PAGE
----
1858banner

Author Topic: Father-in-law's guns  (Read 3246 times)

0 Members and 1 Guest are viewing this topic.

Offline jdurand

  • Ultimate Forum Legend
  • *******
  • Posts: 2735
  • Mostly Harmless
    • Company web site
Father-in-law's guns
« on: June 24, 2014, 12:49:07 AM »
My wife ran across an old picture of the guns she used to help her father make.  I never got to see any of them, don't know if he sold all of them or what.  When he died the state confiscated everything he owned before my wife was even notified that he died.  Wonderful California.

My wife did happen to have his old Bear bow, so I do have one thing of his.

In theory the picture is attached.
Standing on the edge of reality... (me)
Quando omni flunkus moritati (Red Green)
Let no man belong to another that can belong to himself. (Paracelsus)
All things are poison and nothing is without poison; only the dose makes a thing not a poison. (Paracelsus)
NRA Life Member, Gun Owners of California member

Offline mazo kid

  • Ultimate Forum Legend
  • *******
  • Posts: 6610
Re: Father-in-law's guns
« Reply #1 on: June 24, 2014, 09:05:36 AM »
Those look to be well-crafted flinters! Unless your FIL died without a Will, I don't understand how the State could just take anything?!

Offline DD4lifeusmc

  • Ultimate Forum Legend
  • *******
  • Posts: 9226
Re: Father-in-law's guns
« Reply #2 on: June 24, 2014, 09:57:46 AM »
a lot of states have it set up so if you are on medicare / medicaid and have ran up a rather large hospital / drug bill, they can confiscate all your property when you die. Sell it / auction it to recoup their investment.
Normally your heirs are to have first opportunity to reimburse the state.
Just found this out a few months ago.
So if you or someone you know is on it, best to check it now.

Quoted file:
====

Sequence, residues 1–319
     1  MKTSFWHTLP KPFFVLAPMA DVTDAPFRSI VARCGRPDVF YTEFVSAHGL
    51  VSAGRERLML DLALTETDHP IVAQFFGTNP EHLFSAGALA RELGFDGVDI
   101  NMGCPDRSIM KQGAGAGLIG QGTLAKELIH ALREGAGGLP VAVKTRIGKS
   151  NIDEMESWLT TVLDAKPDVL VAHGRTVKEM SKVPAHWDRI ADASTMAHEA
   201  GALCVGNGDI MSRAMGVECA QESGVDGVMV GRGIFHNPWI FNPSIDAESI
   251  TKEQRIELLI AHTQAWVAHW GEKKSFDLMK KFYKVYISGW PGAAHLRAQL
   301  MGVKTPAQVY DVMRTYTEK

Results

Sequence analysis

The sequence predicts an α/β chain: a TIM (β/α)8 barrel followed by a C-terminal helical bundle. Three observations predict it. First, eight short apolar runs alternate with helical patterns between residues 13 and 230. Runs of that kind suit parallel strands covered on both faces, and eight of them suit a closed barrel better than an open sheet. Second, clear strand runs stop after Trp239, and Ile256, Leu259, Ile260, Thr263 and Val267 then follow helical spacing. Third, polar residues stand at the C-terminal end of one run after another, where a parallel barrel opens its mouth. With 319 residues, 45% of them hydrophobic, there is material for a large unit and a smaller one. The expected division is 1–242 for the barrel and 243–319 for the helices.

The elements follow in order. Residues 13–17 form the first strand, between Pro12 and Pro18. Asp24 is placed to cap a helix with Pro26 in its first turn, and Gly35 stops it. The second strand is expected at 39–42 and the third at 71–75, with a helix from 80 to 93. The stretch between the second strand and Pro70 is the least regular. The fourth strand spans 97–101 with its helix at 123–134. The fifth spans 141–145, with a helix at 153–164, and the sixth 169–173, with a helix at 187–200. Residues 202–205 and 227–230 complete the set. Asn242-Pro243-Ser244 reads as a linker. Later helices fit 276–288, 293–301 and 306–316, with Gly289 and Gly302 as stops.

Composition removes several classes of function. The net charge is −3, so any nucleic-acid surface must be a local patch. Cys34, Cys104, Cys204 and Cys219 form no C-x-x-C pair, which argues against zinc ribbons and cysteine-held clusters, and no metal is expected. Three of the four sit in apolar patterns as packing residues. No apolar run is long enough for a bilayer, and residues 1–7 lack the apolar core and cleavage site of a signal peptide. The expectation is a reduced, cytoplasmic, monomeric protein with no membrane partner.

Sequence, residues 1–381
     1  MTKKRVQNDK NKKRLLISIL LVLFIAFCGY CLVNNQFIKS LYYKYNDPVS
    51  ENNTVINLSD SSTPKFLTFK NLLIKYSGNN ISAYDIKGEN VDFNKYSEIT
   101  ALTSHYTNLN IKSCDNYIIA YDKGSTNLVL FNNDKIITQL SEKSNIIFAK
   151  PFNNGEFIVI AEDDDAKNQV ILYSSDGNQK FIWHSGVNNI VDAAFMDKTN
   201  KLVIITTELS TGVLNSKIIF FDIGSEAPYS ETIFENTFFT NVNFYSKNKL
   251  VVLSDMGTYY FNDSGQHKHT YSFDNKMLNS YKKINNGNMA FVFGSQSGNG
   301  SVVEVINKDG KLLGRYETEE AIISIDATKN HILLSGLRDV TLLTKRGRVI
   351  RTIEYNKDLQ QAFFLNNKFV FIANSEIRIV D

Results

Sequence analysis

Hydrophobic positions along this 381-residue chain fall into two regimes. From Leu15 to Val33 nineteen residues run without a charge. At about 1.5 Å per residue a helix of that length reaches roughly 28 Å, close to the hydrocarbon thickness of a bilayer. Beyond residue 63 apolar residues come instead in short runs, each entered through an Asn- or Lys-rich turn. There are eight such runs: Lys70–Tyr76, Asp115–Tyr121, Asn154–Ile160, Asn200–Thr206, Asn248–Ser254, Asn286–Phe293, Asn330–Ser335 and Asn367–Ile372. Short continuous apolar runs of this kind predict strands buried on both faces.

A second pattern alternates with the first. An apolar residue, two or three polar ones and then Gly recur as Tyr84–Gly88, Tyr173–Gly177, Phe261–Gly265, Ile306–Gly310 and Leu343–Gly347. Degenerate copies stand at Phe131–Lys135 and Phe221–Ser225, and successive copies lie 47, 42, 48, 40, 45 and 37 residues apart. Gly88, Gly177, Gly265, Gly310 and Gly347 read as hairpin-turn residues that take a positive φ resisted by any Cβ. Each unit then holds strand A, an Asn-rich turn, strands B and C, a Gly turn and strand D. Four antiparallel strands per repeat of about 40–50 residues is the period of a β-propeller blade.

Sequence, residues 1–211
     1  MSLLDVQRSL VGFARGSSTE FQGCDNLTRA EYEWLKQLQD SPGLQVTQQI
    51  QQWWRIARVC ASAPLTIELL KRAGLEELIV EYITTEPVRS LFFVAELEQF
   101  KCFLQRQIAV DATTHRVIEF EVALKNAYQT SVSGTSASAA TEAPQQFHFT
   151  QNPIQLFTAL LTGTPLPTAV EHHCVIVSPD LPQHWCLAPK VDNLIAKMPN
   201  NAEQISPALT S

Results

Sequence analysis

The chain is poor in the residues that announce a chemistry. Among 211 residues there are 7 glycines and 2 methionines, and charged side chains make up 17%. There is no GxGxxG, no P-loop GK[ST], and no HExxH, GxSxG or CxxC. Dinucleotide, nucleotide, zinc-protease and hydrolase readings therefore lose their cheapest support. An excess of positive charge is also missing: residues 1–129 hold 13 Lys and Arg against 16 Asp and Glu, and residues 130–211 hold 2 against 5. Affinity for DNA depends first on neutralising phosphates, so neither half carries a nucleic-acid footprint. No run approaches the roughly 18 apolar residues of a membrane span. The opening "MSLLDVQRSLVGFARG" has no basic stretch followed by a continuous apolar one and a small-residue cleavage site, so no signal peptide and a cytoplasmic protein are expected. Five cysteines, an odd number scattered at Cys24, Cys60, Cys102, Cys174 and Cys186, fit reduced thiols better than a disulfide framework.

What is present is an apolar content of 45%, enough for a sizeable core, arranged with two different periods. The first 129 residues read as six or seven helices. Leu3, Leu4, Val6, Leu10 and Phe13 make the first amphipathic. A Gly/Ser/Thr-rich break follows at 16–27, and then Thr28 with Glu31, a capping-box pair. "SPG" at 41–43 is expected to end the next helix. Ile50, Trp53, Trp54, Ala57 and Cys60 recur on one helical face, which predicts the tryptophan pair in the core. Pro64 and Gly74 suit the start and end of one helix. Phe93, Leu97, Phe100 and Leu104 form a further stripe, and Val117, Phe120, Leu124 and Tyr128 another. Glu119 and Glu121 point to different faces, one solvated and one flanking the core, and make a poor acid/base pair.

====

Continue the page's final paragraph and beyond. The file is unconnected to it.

Also you may want to start "giving" some of your stuff to your relatives and put small things in their name.
If you do a little here and there, you won't "trigger" the what are you doing scenario from the state.
Savings accounts nice to have for emergency and credit rating.
But if you can control yourself, better off just to have it under mattress.   I usually get a $100 or so in dollar coin each month and lock it in an ammo can (just hope we still use that type of money when I need it). Keep it in a secure place.
I also only keep $2 -$3000 in the checking at any time.
You may want to transfer your car (s) into your childrens name, or at least get a lien title.That you theoretically owe them, and they get the title  and vehicle if you don't pay them. You die, they claim the lien.
Look into it.
The bended knee is not a tradition of our Corps.
General Alexander A. Vandergrift, USMC
to the Senate Naval Affairs Committee, 5 May 1946
------------
Marines Birthday  11/10/1775
USA birthday  7/4/1776

Offline jdurand

  • Ultimate Forum Legend
  • *******
  • Posts: 2735
  • Mostly Harmless
    • Company web site
Re: Father-in-law's guns
« Reply #3 on: June 24, 2014, 10:50:00 AM »
California added a proviso so they can now dig deeper for "repayment" and also broadened what counts as a reimbursable expense.  Note that the state doesn't provide an itemized bill, they determine what you owe and how much of your stuff they're taking (almost always all of it).

The Covered California (Obamacare) website also "helps" by signing people up for Medi-Cal (medicare) if you don't qualify for one of the other plans.  That happened to me at the end of last year and I'm STILL trying to cancel Medi-Cal completely.  The local Medi-Cal office doesn't have my records since the state bypassed the county offices so there's no real connection now between the people who manage Medi-Cal (county) and your records.  They said it's a mess as a lot of people didn't even qualify (like me) and got signed up anyway.  Also, you apparently can't tell your doctor to NOT use your Medi-Cal account even if you pay him cash.
Standing on the edge of reality... (me)